Lustre & Handle: If wool has lustre, it means it has shine. Long wools have amazing lustre whereas fine wools not so much and down wools – not at all. A judge must be fair to the specific breed characteristics. Handle is all about how the wool feels. Is it silky & soft or dry and lack life?
Staple Length & Evenness: Fine and medium wools are at least 2” in length and usually 3” – 5”. Long wools normally start around 6” and can be up to 12” long! This category will let you know if the fleece has the same staple length throughout and if the length is adequate for its breed.
Crimp Style: Fine wools have a very dense crimp, that’s what gives it, its elasticity. Long wools have a wide wavelength present and medium and down breeds sometimes don’t have a clearly defined crimp. Areas around the upper body will have a finer crimp style then the britch.
In all criteria there are deductions or problematic areas. This is good information for the wool producer because they can see which areas they need to work on to improve their fleeces. Deductions are also important for handspinners and fibre workers because it will help you determine how much work you will have to put into the fleece when processing it. As always, if you have any questions you can always ask Gerry or I. We love to talk about wool! If you are a producer and have never entered fleeces into a wool show you should give it a try, you may win ribbons and money! Wool is highly sought after by handspinners, felters and the like. Head on over to the fleece competitions page on our All Things Wool website and find all the information you need. Hope to see you at one or more of the wonderful fibre festivals this year!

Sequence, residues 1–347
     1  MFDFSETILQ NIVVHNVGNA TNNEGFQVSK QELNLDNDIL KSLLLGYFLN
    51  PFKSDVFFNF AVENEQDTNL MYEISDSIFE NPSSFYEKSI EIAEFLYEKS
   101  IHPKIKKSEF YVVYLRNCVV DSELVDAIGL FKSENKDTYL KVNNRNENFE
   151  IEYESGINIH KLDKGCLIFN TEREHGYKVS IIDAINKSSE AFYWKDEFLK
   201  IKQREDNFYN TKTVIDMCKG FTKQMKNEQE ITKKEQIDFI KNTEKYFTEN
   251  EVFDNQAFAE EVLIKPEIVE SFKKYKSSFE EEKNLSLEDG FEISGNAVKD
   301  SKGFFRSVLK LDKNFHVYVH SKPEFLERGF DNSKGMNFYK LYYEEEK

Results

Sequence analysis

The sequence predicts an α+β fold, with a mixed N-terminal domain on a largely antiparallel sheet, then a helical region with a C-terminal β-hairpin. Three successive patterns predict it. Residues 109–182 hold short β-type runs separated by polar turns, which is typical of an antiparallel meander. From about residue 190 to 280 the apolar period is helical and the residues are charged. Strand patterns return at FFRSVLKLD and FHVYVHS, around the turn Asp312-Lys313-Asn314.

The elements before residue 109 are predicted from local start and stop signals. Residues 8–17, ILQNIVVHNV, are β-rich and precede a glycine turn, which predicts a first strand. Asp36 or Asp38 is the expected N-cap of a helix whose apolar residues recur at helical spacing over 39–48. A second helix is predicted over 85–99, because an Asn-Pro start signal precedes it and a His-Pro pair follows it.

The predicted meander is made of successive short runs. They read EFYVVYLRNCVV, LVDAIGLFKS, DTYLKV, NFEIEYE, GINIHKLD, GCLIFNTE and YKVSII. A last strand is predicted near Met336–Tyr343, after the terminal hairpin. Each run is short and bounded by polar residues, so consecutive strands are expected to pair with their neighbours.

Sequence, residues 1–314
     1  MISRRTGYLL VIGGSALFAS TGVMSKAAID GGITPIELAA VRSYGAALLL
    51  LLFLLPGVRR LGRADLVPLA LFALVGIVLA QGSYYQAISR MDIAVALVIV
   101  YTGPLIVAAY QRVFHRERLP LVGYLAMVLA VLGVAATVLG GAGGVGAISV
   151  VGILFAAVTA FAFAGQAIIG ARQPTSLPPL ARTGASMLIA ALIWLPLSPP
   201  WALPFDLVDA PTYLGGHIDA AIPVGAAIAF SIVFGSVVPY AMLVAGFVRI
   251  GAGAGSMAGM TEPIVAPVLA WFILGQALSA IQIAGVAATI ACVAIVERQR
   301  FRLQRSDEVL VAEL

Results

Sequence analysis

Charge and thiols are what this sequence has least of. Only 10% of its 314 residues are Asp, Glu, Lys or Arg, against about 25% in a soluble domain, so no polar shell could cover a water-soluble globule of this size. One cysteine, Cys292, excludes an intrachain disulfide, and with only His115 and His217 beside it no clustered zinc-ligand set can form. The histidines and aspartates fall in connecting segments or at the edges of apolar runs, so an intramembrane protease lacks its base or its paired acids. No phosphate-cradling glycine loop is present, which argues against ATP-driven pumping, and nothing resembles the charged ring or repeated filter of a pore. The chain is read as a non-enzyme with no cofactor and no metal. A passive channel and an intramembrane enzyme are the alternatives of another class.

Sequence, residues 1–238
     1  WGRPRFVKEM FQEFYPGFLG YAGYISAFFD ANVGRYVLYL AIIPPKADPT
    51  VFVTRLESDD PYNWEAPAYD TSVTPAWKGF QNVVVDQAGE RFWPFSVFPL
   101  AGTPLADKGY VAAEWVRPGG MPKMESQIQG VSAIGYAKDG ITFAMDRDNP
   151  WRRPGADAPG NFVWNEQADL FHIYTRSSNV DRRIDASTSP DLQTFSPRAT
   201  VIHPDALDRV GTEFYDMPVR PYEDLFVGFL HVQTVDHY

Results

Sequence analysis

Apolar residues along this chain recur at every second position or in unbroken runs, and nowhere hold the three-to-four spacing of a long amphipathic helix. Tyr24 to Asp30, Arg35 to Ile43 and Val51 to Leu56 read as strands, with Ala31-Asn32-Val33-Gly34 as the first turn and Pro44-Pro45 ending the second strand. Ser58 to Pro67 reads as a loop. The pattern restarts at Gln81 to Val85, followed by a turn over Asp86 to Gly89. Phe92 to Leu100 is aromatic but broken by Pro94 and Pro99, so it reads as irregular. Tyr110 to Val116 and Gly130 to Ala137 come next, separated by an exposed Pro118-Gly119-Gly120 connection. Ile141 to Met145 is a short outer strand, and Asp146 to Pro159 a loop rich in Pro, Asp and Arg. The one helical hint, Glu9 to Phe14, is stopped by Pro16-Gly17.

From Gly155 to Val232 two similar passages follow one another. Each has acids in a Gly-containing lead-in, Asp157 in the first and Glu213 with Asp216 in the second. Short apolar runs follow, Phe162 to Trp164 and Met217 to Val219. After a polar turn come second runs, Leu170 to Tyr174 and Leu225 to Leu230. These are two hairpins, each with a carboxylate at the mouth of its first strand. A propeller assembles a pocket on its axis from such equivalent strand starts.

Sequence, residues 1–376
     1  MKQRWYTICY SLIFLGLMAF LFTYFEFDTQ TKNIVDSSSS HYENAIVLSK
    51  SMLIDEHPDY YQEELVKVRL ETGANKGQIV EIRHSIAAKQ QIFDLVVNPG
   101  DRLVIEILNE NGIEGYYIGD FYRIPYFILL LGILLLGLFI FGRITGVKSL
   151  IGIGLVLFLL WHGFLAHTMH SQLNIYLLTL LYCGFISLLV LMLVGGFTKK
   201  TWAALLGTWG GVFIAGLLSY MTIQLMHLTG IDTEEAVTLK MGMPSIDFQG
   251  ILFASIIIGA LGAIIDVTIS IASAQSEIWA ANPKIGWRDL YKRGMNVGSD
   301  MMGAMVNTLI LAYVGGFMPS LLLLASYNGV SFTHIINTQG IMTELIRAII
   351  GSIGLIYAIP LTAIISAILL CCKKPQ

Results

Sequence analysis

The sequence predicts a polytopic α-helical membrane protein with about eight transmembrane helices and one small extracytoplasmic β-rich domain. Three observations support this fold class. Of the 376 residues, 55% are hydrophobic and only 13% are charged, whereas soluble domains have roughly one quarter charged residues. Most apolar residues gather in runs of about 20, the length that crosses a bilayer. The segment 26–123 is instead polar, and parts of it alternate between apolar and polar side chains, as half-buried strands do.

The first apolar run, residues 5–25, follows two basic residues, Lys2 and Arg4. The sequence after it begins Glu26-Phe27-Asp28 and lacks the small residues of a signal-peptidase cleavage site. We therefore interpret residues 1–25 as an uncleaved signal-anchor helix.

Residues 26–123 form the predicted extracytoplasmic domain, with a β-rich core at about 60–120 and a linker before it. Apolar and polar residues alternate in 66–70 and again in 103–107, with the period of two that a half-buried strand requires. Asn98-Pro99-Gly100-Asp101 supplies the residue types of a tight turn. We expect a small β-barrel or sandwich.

I am working on a new spindle challenge for myself. I have these wonderful rolags I got from Natually Knitty on Etsy and I am spinning one a night. As I mentioned on Facebook, I am using this time to unwind and relax after a long day of work. I have 5.5 oz of fibre and it will take me about a month to complete spinning all the rolags. The fibre content is Shetland, Merino, Falkland and Polwarth - what a great blend!